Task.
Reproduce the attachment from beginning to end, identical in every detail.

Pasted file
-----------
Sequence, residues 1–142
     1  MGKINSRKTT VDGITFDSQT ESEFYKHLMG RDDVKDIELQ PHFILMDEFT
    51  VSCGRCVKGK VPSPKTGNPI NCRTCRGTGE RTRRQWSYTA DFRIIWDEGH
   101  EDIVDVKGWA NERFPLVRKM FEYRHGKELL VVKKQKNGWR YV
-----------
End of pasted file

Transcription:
Sequence, residues 1–142
     1  MGKINSRKTT VDGITFDSQT ESEFYKHLMG RDDVKDIELQ PHFILMDEFT
    51  VSCGRCVKGK VPSPKTGNPI NCRTCRGTGE RTRRQWSYTA DFRIIWDEGH
   101  EDIVDVKGWA NERFPLVRKM FEYRHGKELL VVKKQKNGWR YV